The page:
ANALYSIS - The debate over genetically modified organisms (GMOs) is heating up in the US, as activists push for labelling requirements which would inform consumers whether they are eating products derived from GM ingredients, reports Charlotte Johnston, ThePoultrySite editor.
In November 2012, Californians will vote on a measure that could see California become the first US state to require that food containing ingredients from genetically modified organisms (GMOs) be appropriately labelled.
Similar legislation has previously failed in 19 states, however this will be the first time that the public will vote.
The proposers argue that California consumers have the right to know whether the foods they purchase are produced using genetic engineering, with the initiative being called the: "California Right to Know Genetically Engineered Food Act".
A coalition of opposition, called No on 37, has described the proposition as a deceptive, deeply flawed food labelling scheme that would add more government bureaucracy and taxpayer costs, create new frivolous lawsuits, and increase food costs by billions — without providing any health or safety benefits.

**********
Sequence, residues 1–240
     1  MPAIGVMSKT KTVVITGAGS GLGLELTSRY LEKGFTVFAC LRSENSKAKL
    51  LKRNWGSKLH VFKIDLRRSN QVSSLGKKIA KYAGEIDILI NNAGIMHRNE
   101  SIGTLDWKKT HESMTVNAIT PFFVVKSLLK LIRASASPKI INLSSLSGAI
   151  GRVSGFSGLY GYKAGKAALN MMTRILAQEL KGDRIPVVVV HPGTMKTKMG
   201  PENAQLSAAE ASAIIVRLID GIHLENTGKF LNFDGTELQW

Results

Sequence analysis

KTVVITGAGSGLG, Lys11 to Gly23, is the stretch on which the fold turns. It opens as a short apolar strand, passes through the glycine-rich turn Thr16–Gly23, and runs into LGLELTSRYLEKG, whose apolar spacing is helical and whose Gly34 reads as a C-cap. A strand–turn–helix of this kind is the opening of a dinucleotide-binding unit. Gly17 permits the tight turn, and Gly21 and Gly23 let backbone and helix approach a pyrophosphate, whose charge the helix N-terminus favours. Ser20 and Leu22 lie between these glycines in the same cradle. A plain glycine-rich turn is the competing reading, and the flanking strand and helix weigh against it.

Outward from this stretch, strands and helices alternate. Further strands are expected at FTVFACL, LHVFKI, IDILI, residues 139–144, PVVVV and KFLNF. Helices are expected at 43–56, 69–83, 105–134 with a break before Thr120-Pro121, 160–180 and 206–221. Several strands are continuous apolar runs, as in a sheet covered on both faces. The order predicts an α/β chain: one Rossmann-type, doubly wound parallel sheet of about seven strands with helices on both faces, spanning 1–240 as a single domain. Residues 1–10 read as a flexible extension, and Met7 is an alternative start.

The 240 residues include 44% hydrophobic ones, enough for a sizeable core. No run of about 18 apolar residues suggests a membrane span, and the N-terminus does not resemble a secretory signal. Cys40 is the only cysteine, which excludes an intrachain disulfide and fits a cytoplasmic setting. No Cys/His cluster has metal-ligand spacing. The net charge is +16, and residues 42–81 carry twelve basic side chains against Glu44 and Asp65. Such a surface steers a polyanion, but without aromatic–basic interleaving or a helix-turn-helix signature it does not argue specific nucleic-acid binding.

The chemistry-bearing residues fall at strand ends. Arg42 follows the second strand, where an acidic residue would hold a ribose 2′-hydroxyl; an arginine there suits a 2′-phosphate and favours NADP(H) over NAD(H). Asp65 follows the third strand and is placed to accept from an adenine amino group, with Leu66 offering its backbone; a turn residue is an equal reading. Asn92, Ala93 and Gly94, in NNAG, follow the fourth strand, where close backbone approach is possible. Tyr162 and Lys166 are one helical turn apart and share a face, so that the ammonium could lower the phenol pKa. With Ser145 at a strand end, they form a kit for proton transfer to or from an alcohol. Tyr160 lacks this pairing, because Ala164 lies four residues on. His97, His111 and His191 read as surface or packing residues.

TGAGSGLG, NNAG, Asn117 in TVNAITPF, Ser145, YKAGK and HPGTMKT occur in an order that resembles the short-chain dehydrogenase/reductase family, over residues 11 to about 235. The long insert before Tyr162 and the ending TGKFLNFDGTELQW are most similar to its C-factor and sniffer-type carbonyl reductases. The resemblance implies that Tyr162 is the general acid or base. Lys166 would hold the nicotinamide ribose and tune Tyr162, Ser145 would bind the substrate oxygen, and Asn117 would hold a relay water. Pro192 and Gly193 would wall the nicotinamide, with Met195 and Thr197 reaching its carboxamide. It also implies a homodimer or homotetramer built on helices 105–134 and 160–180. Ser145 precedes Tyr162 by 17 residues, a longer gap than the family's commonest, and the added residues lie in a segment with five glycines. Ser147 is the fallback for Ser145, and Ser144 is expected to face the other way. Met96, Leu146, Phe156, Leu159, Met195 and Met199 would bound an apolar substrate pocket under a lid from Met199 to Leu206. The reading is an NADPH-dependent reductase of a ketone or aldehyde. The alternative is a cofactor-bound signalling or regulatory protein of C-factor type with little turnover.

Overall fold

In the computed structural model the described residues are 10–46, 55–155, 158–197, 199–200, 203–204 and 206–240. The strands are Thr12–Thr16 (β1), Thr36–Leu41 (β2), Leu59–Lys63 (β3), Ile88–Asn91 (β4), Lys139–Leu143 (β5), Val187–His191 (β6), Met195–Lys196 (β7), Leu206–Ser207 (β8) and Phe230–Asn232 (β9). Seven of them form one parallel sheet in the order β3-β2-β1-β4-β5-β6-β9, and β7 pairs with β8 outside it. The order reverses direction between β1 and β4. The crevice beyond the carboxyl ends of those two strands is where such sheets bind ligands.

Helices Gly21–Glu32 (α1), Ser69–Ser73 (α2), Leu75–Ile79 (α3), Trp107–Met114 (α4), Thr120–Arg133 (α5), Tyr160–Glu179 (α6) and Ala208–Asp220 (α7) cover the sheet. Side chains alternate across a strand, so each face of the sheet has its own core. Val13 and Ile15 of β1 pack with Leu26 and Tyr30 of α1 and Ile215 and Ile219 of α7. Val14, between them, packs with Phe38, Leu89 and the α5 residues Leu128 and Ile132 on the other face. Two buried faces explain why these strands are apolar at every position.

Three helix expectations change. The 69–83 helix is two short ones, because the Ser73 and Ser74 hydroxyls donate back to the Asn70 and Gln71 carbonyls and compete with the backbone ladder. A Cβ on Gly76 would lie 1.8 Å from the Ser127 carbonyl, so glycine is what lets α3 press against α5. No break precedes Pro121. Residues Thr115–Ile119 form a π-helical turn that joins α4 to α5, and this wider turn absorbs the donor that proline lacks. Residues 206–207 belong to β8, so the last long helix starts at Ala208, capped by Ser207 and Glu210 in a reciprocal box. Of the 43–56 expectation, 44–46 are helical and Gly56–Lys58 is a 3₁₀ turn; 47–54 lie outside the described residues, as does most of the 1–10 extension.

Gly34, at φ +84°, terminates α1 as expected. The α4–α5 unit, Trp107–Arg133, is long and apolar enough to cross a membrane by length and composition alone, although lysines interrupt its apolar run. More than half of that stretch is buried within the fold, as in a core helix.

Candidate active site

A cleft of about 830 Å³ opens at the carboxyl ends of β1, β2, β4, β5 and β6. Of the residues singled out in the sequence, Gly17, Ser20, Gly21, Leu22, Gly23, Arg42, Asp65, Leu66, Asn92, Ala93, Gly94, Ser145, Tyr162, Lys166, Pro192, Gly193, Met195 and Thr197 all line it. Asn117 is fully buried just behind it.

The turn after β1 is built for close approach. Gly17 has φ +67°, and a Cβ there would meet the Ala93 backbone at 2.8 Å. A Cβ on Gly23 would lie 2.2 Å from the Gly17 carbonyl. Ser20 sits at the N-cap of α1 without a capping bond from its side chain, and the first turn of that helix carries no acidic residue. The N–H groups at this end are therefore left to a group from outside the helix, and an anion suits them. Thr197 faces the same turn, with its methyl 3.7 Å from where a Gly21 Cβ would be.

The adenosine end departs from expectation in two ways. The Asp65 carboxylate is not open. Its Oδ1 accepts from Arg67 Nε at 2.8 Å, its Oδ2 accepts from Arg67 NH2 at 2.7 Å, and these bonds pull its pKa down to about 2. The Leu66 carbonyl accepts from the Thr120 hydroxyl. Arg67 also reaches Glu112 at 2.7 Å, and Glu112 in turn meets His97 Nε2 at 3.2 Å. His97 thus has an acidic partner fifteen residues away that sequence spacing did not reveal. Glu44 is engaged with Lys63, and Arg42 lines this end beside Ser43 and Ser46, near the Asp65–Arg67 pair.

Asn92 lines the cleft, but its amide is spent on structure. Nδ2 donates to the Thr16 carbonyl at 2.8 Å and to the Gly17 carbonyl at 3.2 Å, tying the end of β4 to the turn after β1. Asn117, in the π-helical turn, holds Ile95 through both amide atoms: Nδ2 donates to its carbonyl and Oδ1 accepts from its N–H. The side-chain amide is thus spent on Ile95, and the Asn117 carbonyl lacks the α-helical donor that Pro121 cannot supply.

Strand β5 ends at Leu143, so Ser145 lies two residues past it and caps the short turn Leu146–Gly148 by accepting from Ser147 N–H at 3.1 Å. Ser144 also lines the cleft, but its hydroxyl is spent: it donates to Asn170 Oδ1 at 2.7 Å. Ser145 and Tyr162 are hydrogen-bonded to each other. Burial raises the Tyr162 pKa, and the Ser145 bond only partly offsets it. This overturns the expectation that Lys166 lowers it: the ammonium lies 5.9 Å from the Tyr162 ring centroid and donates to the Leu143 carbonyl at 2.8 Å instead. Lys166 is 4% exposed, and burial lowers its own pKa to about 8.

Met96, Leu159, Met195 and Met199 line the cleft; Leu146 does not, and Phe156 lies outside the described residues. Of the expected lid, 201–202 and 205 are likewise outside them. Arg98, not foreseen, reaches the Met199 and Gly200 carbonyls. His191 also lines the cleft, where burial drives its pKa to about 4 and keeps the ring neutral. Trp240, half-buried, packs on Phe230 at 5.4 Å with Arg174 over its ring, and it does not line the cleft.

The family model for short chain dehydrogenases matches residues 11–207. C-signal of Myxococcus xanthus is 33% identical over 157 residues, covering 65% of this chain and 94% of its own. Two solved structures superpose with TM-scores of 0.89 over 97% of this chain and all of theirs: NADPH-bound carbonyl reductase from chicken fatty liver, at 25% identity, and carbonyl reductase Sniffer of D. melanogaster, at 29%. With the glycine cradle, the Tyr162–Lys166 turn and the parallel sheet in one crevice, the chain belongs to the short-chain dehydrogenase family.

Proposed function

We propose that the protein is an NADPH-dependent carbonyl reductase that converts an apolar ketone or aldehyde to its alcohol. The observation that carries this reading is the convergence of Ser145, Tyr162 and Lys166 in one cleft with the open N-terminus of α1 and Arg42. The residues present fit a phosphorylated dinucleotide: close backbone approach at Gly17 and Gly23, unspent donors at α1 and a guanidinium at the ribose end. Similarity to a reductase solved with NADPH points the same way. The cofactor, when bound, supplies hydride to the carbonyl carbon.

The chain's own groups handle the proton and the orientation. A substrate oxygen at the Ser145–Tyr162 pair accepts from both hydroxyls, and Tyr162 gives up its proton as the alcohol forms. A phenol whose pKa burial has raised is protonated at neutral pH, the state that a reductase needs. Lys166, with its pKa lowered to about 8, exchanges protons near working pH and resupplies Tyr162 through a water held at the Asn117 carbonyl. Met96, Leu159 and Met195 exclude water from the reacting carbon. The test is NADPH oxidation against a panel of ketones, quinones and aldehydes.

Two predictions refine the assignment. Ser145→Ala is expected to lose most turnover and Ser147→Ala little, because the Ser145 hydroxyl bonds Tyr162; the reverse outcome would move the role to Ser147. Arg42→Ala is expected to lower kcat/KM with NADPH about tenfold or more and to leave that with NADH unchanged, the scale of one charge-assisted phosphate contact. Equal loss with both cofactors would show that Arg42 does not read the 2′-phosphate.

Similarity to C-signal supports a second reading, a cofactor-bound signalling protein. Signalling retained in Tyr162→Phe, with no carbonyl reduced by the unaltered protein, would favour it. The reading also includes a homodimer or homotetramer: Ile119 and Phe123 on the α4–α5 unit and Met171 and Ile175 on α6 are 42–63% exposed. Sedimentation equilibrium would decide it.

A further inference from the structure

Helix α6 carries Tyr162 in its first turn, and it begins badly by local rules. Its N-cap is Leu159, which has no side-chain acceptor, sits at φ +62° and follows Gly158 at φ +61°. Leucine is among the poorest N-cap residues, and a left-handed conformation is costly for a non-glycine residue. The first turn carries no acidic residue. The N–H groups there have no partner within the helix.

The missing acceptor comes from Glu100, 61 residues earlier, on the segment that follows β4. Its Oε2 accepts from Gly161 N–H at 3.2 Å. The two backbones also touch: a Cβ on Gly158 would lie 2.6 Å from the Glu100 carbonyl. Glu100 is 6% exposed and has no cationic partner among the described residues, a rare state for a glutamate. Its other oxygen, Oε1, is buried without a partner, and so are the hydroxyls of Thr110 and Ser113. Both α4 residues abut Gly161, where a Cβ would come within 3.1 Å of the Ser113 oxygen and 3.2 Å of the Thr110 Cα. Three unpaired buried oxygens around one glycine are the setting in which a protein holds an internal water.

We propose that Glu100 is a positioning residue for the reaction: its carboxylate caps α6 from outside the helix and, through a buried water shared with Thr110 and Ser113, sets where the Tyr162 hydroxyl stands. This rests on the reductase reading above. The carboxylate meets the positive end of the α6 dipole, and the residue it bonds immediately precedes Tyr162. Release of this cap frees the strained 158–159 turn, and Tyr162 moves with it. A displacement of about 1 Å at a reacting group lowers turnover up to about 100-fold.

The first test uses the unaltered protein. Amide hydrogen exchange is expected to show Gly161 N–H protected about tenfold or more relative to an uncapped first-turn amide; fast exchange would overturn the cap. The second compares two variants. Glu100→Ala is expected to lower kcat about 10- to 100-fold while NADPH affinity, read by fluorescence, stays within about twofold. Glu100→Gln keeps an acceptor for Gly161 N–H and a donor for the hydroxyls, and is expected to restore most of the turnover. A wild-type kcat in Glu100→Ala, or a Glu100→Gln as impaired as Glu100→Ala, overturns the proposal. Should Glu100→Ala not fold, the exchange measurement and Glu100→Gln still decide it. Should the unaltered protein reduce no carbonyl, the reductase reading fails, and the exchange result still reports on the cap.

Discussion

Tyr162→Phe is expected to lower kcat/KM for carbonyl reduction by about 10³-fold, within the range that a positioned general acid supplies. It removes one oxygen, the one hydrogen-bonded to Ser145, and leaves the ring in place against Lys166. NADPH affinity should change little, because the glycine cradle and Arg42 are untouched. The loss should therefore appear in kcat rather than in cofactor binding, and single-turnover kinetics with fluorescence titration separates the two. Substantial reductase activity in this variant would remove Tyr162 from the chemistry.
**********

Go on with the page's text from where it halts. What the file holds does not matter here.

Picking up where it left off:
Those supporting the proposition see it as being transparent with the consumer, whilst claiming that the health risks of GM food are unclear. In fact, the overwhelming majority of the scientific community, including the World Health Organisation and the National Academy of Sciences, agree that foods made using GM ingredients are safe.
In 2011, over 80 per cent of corn and 90 per cent of soybeans grown in the US were from genetically engineered seeds. This fact alone should spell out how big an affect this legislation could have on the US agri-food industry.
Donations towards No on 37 have been flowing in from around the country, with Monsanto reportedly donating over $4 million. Other agri-businesses including DuPont, Dow AgriSciences, Bayer and BASF have all made contributions, along with food manufacturers including PepsiCo, Kellogs and Cargill among others.
Opponents have raised over $25 million to date.
With GMOs being somewhat unpopular in other parts of the world, the US and other parts of the Americas has always been seen as leading the way on GM.
However, there are wider industry concerns that should this law be passed in California, other states may impose similar legislation.
If the proposal is voted in, as of July 2014 all food products for sale in California must be labelled or would be considered "misbranded".